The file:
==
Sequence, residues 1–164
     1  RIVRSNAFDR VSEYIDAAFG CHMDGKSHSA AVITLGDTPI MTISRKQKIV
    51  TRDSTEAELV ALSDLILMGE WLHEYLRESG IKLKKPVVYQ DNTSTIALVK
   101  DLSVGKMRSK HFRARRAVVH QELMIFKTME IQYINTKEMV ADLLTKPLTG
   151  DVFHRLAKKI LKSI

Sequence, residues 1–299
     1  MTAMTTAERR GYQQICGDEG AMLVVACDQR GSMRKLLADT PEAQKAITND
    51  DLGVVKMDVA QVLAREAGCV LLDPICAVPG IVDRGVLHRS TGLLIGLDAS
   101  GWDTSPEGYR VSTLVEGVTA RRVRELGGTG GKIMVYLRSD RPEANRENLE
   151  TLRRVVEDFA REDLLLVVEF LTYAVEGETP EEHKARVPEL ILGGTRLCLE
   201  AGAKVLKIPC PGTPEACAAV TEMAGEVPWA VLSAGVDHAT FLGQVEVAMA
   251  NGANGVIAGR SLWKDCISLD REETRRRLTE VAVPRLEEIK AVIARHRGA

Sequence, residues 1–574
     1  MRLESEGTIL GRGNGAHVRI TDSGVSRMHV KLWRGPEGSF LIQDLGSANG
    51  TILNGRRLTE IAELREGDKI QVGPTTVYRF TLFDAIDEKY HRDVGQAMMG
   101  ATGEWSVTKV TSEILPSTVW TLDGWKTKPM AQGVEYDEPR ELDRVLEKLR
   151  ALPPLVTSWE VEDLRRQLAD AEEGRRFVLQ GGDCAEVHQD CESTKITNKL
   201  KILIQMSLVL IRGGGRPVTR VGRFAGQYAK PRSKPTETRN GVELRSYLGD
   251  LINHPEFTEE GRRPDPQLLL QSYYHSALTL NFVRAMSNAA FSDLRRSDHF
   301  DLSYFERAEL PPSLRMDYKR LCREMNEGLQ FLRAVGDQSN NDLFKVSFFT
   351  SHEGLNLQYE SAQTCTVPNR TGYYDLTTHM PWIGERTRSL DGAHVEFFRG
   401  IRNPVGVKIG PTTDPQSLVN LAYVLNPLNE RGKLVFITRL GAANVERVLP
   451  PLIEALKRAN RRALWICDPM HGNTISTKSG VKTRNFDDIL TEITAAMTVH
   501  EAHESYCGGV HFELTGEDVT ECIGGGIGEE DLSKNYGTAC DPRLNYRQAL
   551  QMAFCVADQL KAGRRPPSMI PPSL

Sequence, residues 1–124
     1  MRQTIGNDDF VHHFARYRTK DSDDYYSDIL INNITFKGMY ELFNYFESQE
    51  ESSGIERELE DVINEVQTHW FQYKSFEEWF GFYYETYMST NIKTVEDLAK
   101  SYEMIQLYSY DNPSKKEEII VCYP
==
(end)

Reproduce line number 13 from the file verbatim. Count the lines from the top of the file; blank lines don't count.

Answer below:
Sequence, residues 1–574